Elizabeth: I Heard That

I have to admit, I’m a bit of a latecomer when it comes to the whole audiobook thing.  Until about a year-and-a-half ago, I hadn’t listened to a single one.  In general, I find the world to be both too bright and too loud, so listening to a book instead of reading it never held much appeal.

I have no fond childhood memories about being read stories at bedtime or during classroom circle time, though both probably happened.  Frankly, the only “read aloud” memory I do have is when we had to read aloud in first-grade and our teacher taped us on one of those clunky old-fashioned tape recorders and then played it back and made us listen to it.  It was apparently supposed to make us better readers.  I was already a good reader, so I doubt that it helped, but what I do know is that I was so traumatized by hearing my own voice that I barely talked in school for a year.

But I digress.

I have now come to embrace the wonder of audiobooks; I blame credit Louise Penny and my desire to correctly hear how to pronounce some of the French words in her books for that.   I started listening to Penny’s books after I bought one of the later eBooks from her Inspector Gamache series and audiobook version was free.  I could hardly not listen to it.  So, I listened, realized I’d been mentally pronouncing a number of words wildly incorrectly, and thought well, that was okay but I probably won’t do it again.

Not long after, there was a book that someone had recommended to me that my local library had, but only in audio.  I decided what the heck, checked out the audiobook, listened to it, and loved it.  The narrator’s voice was just perfect for the story and didn’t make me want to press the mute button or (thankfully) toss my Kindle out the window.

That book also helped me discover the joy of listening while doing something else, specifically the joy of listening while commuting.  Audible, apparently instinctively sensing that I might be a potential new customer, sent me an email with a deal I couldn’t refuse – two free audiobooks/cancel any time/the books are yours to keep.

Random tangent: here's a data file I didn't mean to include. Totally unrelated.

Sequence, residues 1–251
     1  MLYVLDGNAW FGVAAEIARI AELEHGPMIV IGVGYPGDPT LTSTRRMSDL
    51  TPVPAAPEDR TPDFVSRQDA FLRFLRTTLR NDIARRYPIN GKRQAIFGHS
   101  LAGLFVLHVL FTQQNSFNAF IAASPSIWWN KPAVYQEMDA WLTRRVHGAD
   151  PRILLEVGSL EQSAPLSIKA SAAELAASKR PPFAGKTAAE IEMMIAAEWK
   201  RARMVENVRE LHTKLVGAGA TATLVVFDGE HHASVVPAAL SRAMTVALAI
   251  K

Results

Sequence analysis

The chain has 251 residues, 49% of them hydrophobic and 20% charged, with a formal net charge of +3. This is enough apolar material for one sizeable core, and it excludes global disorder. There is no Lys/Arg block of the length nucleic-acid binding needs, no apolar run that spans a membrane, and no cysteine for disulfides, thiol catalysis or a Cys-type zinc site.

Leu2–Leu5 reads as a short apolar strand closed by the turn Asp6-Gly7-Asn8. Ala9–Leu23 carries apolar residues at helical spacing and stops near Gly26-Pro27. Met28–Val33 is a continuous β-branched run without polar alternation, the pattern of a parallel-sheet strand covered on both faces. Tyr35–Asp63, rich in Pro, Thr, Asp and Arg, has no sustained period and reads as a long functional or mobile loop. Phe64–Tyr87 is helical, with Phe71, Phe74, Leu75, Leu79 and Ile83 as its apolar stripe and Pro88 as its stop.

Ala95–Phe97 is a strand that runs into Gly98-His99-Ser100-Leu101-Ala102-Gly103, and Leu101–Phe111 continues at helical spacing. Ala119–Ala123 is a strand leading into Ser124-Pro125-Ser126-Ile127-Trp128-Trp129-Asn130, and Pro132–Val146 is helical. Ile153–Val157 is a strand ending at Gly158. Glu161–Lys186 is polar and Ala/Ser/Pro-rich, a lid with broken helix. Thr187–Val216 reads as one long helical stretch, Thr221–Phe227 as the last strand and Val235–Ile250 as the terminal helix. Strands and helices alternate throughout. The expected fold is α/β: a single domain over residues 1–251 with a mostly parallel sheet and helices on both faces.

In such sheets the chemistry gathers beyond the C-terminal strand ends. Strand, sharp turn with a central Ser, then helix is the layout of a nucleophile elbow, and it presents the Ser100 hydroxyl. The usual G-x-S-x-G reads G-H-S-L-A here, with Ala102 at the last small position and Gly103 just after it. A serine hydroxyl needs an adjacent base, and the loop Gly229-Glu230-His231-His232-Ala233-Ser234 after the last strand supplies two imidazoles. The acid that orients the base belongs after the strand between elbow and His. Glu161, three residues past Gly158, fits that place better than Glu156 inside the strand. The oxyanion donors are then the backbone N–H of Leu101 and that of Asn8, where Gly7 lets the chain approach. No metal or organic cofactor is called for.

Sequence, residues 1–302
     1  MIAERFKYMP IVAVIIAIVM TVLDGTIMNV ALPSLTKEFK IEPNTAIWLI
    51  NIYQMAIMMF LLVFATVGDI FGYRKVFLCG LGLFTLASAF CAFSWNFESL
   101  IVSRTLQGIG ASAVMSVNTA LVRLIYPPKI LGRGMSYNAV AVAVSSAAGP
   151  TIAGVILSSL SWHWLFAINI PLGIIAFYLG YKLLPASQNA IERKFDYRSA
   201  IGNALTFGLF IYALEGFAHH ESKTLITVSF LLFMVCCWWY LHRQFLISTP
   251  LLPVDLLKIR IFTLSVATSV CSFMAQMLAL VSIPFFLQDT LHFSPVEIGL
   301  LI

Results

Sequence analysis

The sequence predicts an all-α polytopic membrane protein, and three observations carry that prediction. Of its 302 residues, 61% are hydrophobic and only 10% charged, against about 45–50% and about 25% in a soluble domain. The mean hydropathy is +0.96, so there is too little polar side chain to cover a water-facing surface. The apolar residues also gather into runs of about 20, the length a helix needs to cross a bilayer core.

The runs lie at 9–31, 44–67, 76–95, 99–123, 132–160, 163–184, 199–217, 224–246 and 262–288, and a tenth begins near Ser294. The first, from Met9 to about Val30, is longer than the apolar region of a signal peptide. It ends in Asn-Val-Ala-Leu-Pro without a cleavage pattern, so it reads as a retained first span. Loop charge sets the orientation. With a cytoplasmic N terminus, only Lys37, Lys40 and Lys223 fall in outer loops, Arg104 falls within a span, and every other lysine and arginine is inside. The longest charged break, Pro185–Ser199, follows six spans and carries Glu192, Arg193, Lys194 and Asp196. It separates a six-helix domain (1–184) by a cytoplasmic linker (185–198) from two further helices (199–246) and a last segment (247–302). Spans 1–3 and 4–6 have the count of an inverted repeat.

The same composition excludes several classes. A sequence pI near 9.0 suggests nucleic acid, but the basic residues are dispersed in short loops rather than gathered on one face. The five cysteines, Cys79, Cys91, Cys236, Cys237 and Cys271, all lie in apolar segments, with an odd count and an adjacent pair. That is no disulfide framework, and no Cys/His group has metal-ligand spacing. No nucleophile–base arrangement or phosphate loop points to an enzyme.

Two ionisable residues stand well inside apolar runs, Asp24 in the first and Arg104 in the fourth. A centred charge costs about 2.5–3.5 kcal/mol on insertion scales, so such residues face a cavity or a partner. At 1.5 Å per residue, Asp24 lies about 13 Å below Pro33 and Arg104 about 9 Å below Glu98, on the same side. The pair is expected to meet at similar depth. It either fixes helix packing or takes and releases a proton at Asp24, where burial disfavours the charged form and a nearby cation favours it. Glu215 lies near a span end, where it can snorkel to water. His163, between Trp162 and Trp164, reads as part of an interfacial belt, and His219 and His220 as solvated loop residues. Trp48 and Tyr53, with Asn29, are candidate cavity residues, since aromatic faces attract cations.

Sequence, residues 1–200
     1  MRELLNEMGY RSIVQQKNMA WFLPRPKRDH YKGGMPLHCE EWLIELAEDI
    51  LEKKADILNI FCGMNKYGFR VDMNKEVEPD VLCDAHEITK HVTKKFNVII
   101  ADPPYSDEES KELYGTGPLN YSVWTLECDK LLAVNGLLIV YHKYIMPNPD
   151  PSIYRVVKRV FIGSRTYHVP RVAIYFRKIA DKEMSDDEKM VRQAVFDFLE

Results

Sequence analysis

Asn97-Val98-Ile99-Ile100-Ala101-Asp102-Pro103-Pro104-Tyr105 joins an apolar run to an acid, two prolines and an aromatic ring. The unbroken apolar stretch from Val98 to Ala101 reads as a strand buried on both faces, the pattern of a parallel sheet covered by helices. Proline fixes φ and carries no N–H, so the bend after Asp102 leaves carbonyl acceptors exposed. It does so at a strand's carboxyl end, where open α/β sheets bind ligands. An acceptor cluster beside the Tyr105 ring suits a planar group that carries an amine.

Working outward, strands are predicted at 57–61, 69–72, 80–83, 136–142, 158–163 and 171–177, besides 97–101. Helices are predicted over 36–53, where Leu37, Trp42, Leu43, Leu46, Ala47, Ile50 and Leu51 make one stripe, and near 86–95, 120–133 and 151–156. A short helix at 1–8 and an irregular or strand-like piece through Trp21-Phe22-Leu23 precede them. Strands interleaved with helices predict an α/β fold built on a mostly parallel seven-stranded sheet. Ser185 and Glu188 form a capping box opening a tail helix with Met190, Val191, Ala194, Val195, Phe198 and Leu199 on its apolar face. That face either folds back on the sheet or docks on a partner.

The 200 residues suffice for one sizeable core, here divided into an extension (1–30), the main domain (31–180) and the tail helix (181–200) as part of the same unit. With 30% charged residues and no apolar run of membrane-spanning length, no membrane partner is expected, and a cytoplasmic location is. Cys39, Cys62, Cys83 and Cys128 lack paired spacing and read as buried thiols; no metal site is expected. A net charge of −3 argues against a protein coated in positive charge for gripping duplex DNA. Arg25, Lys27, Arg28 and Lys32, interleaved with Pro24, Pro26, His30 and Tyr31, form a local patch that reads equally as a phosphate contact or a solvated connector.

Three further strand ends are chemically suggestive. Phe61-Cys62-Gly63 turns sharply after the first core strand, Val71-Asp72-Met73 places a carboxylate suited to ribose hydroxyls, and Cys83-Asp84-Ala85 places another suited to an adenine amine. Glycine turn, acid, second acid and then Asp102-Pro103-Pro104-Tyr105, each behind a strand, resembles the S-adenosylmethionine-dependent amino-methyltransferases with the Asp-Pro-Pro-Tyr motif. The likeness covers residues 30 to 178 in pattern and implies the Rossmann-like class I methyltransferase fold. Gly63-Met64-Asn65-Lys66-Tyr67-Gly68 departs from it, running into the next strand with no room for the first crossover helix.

How could I pass that up?

I was in the midst of re-reading Penny’s books (oh, who am I kidding; I’m always in the midst of that), so I picked up audio copies of the first couple of books in the series and fell in love, not just with the stories, but with the narrator.  The late Ralph Cosham narrated her first ten books, and I just adore his voice.  Listening to those stories led me to search for other books he narrated, which is how Dante’s Divine Comedy and C. S. Lewis’s Mere Christianity wound up in my audio-queue.

Oddly enough, I’ve yet to find a female narrator that I’m willing to listen to for the length of a book.  Thanks to the “play a snippet” option at the local library, I’ve given many of my favorite romance novels an audio-try, but none have felt quite right.  I don’t know if that’s because I already have a strong idea in my head about what my favorite characters sound like or just a personal preference.

Currently, my audio-reading has taken a turn toward non-fiction.  I find I quite enjoy listening to people reading their own books.  I started with Kamala Harris’s The Truths We Hold, then on to Pete Buttigieg’s Shortest Way Home.  I didn’t get quite all the way through Rachel Maddow’s Blowout before my loan expired, so I’m waiting for it to become available so I can hear the final couple of chapters.  I’m just finishing up Melinda Gates’s The Moment of Lift, and I see Elizabeth Warren’s A Fighting Chance just showed up on my device.  The one I’m really waiting for though is Michelle Obama’s Becoming.  I was #684 when I requested it from the library months and months ago.  I’m now down to #57, which means it might be my turn in about a month or so.